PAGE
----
Cats Demanding Food

Dr. Houpt suggests ways to stop your cat’s begging

Q. I feed my cats twice a day at the same time, but I’m finding that my cats start acting out an hour or so before feeding time. For example, in the mornings, they’ll climb onto me in bed and start to paw at my face.

In the evening, they’ll start to paw at my house plants (and recently even pulled one off the shelf and shattered it on the floor) and excessively chewing on things. It just started happening within the past year or so.

I was thinking they were just hungry, but honestly, it’s starting to become annoying. I’m wondering if I should be feeding them the same amount, but spacing it out more throughout the day, or if there is any advice you can offer for how to mitigate their bad behavior before feeding times.

A. Katherine Houpt DVM, James Law Professor Emeritus, Section of Behavior Medicine at the Cornell University College of Veterinary Medicine, responds to our reader:

There are several steps in dealing with food-begging behavior. First, determine if your cats are fat, thin, or at an appropriate weight. If they are thin, feed them another meal a day. If they are fat, gradually switch them to a weight-reducing diet for cats. These high-fiber diets seem to reduce hunger while providing fewer calories.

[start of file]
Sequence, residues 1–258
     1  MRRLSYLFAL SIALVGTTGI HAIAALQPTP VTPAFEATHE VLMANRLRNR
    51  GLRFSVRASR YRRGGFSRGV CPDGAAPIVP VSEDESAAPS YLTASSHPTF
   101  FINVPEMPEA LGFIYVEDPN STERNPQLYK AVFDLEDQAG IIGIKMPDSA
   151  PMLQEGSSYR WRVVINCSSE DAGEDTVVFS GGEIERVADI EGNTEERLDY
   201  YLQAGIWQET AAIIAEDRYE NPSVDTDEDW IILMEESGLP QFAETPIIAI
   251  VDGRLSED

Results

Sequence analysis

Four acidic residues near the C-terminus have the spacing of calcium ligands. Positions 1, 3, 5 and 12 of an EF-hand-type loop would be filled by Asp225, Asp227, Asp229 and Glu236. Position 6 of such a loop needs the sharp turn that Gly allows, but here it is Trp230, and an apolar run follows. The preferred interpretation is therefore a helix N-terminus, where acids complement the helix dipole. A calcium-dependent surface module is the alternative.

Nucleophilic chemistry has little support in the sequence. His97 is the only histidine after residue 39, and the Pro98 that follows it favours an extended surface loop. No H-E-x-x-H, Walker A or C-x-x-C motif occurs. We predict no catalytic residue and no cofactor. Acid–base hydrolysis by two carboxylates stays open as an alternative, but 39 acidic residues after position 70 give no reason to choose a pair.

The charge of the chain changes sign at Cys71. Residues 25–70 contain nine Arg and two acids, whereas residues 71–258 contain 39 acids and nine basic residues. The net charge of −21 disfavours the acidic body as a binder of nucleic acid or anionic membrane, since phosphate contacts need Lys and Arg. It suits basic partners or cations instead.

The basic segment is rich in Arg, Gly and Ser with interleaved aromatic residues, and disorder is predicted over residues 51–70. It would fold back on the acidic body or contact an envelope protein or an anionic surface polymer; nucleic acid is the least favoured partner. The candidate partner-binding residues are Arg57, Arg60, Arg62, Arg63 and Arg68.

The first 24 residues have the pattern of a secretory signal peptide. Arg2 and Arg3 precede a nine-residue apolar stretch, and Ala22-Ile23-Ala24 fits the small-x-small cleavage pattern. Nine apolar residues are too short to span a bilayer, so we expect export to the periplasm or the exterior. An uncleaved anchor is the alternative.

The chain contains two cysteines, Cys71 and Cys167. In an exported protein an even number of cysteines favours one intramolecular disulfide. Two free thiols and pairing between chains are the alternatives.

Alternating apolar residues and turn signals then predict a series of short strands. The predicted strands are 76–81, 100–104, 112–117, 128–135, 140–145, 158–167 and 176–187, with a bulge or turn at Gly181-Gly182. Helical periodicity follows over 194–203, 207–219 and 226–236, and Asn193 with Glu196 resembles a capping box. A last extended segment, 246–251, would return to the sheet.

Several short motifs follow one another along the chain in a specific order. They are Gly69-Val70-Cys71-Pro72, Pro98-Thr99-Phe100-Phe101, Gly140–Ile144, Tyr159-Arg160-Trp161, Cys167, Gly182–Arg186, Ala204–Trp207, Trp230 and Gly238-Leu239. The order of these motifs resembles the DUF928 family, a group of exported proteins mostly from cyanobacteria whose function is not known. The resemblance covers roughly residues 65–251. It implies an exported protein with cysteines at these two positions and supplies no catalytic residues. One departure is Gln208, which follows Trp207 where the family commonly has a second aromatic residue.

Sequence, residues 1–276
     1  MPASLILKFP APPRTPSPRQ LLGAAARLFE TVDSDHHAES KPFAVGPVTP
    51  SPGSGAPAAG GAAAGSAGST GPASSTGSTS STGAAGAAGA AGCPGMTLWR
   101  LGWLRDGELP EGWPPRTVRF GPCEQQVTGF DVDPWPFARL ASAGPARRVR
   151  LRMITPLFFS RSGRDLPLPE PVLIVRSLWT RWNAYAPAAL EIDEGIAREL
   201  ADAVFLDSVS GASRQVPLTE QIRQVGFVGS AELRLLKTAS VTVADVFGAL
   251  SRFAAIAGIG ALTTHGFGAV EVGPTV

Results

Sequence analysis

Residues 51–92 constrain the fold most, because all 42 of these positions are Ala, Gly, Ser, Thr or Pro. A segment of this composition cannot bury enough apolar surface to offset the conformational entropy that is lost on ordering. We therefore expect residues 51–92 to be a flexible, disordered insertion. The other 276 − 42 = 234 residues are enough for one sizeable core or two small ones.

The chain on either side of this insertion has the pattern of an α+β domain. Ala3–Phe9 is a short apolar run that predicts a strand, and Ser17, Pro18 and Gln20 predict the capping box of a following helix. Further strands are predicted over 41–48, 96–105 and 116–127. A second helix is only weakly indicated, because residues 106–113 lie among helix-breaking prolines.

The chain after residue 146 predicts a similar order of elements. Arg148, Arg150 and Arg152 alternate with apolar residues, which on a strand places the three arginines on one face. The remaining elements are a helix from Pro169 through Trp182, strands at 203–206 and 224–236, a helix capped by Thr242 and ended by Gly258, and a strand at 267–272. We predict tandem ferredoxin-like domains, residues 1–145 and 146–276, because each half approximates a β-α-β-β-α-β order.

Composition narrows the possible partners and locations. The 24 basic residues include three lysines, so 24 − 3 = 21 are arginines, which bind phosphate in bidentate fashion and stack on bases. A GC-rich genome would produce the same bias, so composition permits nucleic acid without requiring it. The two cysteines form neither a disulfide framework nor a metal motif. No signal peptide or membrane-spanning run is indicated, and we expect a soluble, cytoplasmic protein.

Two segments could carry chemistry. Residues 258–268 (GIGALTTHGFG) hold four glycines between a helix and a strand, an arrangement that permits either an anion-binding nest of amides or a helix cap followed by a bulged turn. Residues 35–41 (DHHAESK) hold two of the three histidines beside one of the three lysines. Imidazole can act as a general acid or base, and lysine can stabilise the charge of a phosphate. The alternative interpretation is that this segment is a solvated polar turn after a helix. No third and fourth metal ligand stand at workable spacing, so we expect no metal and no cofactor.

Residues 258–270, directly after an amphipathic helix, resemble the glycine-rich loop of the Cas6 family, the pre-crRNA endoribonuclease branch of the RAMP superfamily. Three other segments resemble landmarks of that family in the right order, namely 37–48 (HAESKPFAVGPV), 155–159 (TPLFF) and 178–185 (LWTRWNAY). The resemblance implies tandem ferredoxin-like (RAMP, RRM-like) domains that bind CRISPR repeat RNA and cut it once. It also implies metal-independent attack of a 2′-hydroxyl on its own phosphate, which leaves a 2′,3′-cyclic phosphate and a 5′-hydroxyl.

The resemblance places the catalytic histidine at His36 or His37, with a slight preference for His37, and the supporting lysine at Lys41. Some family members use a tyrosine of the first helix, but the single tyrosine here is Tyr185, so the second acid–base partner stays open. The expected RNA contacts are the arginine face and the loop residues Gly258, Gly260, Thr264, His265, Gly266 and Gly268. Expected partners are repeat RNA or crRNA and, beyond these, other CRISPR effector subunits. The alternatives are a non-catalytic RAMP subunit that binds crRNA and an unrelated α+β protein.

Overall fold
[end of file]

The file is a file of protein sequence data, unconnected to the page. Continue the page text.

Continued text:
If your cats’ weights are just right, then you can feed multiple smaller meals so that they are getting the same number of calories in a greater number of meals.

If you’re looking for more scientifically accurate behavior information, Decoding Your Cat is the book for you. Released by the American College of Veterinary Behaviorists this year, it gives you an in-depth understanding of common cat behaviors and how to best handle them.

If your cats could, they would eat 12 mice a day apiece. With that in mind, it might be worth investigating one of the many automatic food-dispensing toys for cats or even the Hunting Feeder (No Bowl), which is a feeding method in which cat food is placed in plastic mice that then can be hidden around the house.

To deal with the specific problem of early-morning disturbances, you can purchase an automatic feeder that can be set for 6 a.m. or whenever the cats normally bother you. You may have to lead them to the kitchen a few times before they realize that the feeder opens, but most cats will then meow at the feeder rather than at you when they are hungry.

Finally, be sure that you give them regular evening play sessions with a fishing pole toy or laser pointer. Remember that a tired cat is a happy cat, if not a somnolent one.